Paranoid startup update:
Alta Devices, the secretive solar startup that seems to be working on thin-film solar cell materials, has also received funding from Technology Partners. Alta is listed in the firm's portfolio catalog, but the link goes to a dead end. Nothing to see here, boys. Put the cameras back in the car. Kleiner, Perkins – that gabby bunch of guys – has also invested in the company, according to sources.
We first wrote about Alta back in March. It was founded by Harry Atwater, the Howard Hughes Professor of Applied Physics and Material Science at Caltech (not to be confused with the Howard Hughes Professor of General Craziness and Fingernail Saving). Atwater’s group investigates silicon but also group IV materials such as germanium. They also look at lattice and strained structures. Straining silicon lattices with germanium was a big deal in processors in the middle part of the decade as a way to improve electron mobility. A couple of startups are looking at straining techniques for solar cells, although the straining techniques can vary.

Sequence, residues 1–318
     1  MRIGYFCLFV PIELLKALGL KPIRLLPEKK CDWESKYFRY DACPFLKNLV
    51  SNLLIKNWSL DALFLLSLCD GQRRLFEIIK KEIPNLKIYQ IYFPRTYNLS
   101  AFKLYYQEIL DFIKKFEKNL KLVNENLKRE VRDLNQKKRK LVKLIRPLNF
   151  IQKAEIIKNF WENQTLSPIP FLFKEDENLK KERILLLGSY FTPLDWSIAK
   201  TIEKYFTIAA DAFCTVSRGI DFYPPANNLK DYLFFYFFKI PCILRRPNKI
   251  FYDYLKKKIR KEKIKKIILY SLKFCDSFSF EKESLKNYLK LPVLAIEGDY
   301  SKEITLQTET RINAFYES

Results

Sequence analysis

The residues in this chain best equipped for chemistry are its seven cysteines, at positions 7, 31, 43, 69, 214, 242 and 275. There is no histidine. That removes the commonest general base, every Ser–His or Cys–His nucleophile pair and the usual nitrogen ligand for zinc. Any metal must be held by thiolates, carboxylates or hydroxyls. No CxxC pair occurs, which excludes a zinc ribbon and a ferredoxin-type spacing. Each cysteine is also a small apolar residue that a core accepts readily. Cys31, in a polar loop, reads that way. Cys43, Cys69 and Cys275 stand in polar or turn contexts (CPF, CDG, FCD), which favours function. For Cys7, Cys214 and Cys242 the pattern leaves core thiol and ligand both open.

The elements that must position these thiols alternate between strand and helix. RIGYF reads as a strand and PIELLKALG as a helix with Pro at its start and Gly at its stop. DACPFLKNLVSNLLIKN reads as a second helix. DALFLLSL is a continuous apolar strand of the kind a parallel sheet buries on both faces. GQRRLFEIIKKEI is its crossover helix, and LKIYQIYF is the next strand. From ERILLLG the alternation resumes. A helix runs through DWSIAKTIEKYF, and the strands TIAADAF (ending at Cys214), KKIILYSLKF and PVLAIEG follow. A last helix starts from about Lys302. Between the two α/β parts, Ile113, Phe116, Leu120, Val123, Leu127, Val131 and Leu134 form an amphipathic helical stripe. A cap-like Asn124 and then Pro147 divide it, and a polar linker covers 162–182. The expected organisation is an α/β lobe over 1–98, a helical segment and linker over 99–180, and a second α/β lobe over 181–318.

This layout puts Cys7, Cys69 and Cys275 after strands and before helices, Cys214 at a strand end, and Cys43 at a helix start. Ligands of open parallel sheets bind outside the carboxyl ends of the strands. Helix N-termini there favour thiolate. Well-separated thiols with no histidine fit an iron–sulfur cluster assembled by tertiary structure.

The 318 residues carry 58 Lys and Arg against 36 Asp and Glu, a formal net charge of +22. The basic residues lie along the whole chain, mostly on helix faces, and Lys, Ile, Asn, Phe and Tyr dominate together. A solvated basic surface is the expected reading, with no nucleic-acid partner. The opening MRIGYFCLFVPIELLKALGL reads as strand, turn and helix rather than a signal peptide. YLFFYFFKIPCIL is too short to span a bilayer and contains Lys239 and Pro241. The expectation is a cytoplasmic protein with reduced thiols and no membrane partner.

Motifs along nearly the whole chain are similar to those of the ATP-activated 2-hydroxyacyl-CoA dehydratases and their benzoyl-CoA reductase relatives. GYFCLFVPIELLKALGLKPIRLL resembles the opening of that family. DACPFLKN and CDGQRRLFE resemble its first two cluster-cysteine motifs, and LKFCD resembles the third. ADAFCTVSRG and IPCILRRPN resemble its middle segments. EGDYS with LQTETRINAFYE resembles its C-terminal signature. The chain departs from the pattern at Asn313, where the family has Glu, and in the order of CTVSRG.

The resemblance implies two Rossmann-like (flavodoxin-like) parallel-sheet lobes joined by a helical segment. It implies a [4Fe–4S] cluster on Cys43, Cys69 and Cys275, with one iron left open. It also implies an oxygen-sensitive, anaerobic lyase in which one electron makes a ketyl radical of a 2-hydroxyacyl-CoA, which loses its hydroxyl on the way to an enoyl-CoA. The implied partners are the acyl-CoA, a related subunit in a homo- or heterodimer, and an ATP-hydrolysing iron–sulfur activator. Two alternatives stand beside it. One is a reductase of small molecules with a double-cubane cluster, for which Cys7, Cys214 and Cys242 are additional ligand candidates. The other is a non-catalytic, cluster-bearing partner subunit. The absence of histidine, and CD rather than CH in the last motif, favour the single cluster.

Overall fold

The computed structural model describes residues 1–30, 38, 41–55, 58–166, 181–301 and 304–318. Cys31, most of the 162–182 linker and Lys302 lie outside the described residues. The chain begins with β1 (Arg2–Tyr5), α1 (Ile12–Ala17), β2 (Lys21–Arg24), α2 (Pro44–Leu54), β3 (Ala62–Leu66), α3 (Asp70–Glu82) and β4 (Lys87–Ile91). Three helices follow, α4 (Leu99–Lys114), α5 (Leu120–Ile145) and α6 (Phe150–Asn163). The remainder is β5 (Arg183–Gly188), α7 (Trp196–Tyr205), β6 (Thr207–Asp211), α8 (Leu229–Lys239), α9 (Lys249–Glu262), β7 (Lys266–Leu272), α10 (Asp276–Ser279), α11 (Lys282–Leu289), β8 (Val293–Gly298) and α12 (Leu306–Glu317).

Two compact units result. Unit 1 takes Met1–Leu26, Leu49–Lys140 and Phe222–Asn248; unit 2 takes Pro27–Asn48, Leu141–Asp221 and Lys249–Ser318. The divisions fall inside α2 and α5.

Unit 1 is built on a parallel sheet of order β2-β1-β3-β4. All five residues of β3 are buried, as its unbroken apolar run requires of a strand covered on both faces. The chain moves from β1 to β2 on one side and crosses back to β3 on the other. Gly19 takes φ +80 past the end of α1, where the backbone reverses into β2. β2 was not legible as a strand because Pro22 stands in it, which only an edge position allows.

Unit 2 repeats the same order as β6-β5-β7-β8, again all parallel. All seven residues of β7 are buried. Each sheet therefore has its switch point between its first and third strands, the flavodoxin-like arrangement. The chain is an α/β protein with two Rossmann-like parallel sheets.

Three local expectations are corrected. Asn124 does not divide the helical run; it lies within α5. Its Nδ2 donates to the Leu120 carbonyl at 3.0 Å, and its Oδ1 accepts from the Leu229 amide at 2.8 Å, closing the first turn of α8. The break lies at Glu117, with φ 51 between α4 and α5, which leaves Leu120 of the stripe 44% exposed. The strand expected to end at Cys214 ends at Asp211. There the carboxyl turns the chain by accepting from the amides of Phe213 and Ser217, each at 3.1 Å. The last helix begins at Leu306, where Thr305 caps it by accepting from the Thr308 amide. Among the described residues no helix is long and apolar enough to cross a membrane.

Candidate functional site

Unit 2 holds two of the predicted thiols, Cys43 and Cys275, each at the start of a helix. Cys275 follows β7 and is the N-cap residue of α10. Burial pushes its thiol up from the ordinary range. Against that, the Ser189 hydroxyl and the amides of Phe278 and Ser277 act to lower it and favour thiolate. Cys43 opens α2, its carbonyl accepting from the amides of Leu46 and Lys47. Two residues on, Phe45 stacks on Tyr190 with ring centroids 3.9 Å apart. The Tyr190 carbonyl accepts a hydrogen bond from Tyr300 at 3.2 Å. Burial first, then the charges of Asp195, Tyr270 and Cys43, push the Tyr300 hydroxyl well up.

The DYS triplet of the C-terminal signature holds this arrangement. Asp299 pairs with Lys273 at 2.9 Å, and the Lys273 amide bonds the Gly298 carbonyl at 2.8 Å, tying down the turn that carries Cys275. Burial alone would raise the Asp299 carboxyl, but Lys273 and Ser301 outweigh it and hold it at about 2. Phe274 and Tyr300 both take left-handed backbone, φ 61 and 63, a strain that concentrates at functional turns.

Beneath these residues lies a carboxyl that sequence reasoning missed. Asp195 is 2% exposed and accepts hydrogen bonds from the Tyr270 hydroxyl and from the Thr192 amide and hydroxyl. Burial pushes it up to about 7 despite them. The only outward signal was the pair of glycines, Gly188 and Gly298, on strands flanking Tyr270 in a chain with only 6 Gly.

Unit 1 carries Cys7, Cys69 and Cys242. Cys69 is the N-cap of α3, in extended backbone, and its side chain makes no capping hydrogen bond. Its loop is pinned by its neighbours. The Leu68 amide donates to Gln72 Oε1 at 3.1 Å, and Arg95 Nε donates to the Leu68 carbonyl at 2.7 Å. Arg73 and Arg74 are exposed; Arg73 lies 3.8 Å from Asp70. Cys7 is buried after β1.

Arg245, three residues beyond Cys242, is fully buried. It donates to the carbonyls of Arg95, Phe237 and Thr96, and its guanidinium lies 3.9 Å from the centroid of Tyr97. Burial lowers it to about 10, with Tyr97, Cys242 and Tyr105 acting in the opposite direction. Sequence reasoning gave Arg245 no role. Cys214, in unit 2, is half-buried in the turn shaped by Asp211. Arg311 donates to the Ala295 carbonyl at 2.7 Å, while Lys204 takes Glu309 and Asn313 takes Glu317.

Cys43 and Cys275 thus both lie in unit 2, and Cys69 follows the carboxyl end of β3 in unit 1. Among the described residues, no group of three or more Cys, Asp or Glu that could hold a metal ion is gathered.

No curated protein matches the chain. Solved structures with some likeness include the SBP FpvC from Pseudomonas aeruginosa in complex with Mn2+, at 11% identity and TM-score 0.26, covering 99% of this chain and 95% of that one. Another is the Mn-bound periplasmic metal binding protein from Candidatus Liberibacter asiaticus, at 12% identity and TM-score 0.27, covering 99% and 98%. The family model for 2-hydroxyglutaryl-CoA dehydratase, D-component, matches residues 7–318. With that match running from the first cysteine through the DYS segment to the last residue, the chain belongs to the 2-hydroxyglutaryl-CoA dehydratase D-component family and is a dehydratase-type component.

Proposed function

Employees include senior scientist Gregg Higashi, who used to work at Applied Materials and Intel before joining Alta in 2008. Applied and Intel — those two names pop up with scary frequency at solar startups these days. Many other employees hail from Caltech.
Atwater also founded Aonex. both Aonex and Alta are described as thin-film material solar energy companies here.
Speaking of Technology Partners, the firm was one of the first in greentech. A tour of its portfolio shows it has made some pretty good bets, and also nabbed some major clunkers. On the plus side, the firm invested in Tesla Motors, Solicore (a water company that ultimately got bought by GE) and PowerGenix, makers of a zinc battery. On the other hand, it also put money into Imperium Renewables, the dead-as-Latin biofuel maker, and Polyfuel, one of the leaders in the long-awaited, long-suffering methanol fuel cell market.